In addition or alternatively, end caps 46, 46′ can be disposed on the ends of the reel elements 42, 42′, such as for maintaining positioning of the reel elements 42, 42′ relative to each other. For example, either or both of the end caps 46, 46′ can include apertures 48, 48′ extending partially into or completely therethrough for receiving a portion of the reel elements 42, 42′. In the shown example, the apertures 48, 48′ can be spaced a distance apart, such as by an intermediate wall or the like, to as to maintain the reel elements 42, 42′ spaced a distance apart from each other to form a reel aperture 49 (see FIG. 4) sized and shaped so that the dynamic webbing 12 can extend through. The end caps 46, 46′ can also include holes 47, 47′ or the like for receiving the fasteners 44, 44′. Thus, the end caps 46, 46′ can rotate together with the reel elements 42, 42′. It is to be understood that the end caps 46, 46′ can have various geometries.

The ratcheting tie-down device 10 can further include various elements for winding the dynamic webbing 12 about the reel 14. In one example, the ratcheting tie-down device 10 can include a ratchet wheel 52 or the like having a plurality of ratchet teeth 54. As shown in FIG. 2, the tie-down device 10 can include a pair of ratchet wheels 52, 52′ each having a plurality of teeth 54, 54′, though various numbers of ratchet wheels are contemplated. As before, similar or identical structure is noted with a prime designation (e.g., “′”). Further still, similar to the end caps 46, 46′ described above, either or both of the ratchet wheels 52, 52′ can include recesses or holes to receive the one or more reel elements 42, 42′. Thus, the ratchet wheels 52, 52′ can each rotate together with the reel 14. Additionally, as shown in FIG. 3B, each ratchet wheel 52, 52′ can be located generally adjacent the main body portion 16, though other placements are also contemplated. Still further, the ratchet wheels 52, 52′, or more specifically the ratchet teeth 54, 54′, can be combined into the reel 14.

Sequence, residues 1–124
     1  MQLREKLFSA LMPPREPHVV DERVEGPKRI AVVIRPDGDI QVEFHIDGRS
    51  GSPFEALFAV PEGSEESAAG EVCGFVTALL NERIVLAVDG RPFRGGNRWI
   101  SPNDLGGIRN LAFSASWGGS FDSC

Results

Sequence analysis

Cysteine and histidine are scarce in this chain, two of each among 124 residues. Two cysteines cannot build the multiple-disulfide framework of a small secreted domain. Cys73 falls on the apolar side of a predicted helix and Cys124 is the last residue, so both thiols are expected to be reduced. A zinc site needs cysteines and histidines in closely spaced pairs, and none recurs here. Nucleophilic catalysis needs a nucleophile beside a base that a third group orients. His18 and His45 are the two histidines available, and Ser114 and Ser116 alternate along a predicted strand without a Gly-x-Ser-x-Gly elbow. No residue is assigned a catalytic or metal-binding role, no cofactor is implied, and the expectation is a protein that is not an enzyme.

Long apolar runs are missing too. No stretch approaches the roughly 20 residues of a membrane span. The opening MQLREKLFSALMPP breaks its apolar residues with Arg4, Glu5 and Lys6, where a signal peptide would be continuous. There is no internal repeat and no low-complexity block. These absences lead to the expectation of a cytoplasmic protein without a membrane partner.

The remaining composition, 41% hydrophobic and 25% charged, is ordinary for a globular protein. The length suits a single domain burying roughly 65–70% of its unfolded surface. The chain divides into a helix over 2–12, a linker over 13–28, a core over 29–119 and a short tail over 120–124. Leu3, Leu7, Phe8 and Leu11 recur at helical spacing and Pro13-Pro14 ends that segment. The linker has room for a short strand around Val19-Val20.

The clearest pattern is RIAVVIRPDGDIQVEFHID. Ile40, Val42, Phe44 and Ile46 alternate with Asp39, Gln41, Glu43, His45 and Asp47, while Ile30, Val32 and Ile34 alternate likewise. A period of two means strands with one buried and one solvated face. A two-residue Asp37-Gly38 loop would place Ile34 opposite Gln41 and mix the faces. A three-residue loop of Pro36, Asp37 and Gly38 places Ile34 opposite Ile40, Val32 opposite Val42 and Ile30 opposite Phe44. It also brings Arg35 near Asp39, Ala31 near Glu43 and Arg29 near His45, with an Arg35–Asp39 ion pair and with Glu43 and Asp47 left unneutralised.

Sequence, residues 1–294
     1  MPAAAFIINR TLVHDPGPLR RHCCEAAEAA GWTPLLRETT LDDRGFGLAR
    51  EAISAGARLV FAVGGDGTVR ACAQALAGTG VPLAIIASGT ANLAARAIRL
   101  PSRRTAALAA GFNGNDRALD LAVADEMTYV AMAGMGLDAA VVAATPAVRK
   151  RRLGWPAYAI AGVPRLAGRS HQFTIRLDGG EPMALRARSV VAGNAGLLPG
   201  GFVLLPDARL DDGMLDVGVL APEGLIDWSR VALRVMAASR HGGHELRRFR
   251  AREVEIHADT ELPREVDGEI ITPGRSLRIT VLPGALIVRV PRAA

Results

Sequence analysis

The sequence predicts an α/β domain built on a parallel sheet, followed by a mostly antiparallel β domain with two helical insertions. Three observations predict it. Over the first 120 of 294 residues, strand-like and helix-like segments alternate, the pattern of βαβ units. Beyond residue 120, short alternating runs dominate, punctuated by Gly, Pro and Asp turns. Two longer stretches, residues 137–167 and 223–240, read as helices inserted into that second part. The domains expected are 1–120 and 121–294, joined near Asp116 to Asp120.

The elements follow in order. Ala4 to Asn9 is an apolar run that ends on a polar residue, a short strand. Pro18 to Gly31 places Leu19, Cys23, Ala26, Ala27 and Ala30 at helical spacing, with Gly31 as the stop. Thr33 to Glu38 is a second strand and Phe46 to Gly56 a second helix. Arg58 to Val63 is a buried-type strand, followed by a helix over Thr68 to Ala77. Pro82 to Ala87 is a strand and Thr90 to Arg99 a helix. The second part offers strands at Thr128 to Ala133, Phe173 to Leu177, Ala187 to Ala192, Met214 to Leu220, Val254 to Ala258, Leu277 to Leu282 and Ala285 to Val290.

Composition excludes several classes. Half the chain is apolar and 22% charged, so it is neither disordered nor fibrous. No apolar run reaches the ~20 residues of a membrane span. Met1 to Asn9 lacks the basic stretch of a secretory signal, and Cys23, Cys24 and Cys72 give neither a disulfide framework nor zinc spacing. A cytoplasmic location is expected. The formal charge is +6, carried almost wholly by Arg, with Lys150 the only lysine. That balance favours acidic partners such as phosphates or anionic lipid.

The ratchet wheels 52, 52′ are rotatable relative to the main body portion 16 about the rotational axis 20 generally together with the lever arm 18. Because the ratchet wheels 52, 52′ can rotate together with the lever arm 18, the respective rotational axes are intended to be coaxial. Still, in reality, it is to be appreciated that the respective rotational axes can be geometrically coaxial, or alternatively, can also be slightly misaligned due to various considerations, such as manufacturing tolerances, wear, age, etc. However, for ease of discussion, these rotational axes can be referred to as a single axis 20 with the understanding such possible slight misalignment may be present. Also, rotation of any of the reel 14, lever arm 18, and/or ratchet wheels 52, 52′ can cause corresponding rotation of the other components.